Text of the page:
Dordrecht - Culture

Culture

Because of its long and important role in Dutch history, Dordrecht has a rich culture. The medieval city centre is home to over 950 monuments. The city also houses 7 churches and 6 museums in a relatively small area and hosts many festivals and events every year.

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Other articles related to "culture":

KAIST - Academics - Colleges - College of Cultural Science
... The College of Culture and Science is composed of two departments School of Humanities and Social Sciences and Graduate School of Culture and Technology ... The Graduate School of Culture and Technology also provides master and doctoral degree programs for the purpose of producing manpower of the nation’s cultural industry with support of the Ministry of. 13 visiting professors, 1 research professor, 40 lecturers), the Graduate School of Culture and Technology also has 4 full-time faculties, 5 visiting professors, 7 adjunct professors, and 89 master students ...
Yayoi Period - Features of Yayoi Culture
... Yayoi culture quickly spread to the main island of Honshū mixing with native Jōmon culture ... This was possible due to the introduction of an irrigated, wet-rice culture from the Yangtze estuary in southern China via the Ryukyu Islands or Korean ...
Vandalism - As Art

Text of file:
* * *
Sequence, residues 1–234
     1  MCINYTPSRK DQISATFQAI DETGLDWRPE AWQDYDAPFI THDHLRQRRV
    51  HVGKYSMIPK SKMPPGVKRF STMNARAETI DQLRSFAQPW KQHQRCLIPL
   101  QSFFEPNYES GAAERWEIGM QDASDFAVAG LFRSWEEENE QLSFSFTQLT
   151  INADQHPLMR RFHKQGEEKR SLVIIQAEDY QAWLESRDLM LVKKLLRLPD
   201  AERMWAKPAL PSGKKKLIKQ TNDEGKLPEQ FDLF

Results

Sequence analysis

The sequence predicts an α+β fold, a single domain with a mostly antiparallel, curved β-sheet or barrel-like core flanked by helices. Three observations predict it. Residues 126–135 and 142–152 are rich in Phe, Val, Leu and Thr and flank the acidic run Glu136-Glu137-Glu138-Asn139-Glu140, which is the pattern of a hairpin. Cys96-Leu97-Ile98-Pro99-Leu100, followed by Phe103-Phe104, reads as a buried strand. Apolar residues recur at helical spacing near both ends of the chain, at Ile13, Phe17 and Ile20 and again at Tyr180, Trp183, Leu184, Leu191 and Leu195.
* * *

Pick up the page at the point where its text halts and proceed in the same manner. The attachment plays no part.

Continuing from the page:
... also an integral part of modern popular culture ... Friedrich Nietzsche himself meditated about the "fight against culture", wondering what could justify culture if it were to be destroyed in such a "senseless ... In this case, culture cannot be legitimised by art achievements, and Nietzsche writes "I {also} know what it means fighting against culture" ...

Famous quotes containing the word culture:

    It is not part of a true culture to tame tigers, any more than it is to make sheep ferocious.
    Henry David Thoreau (1817–1862)

    The treatment of African and African American culture in our education was no different from their treatment in Tarzan movies.
    Ishmael Reed (b. 1938)

    With respect to a true culture and manhood, we are essentially provincial still, not metropolitan,—mere Jonathans. We are provincial, because we do not find at home our standards; because we do not worship truth, but the reflection of truth; because we are warped and narrowed by an exclusive devotion to trade and commerce and manufacturers and agriculture and the like, which are but means, and not the end.
    Henry David Thoreau (1817–1862)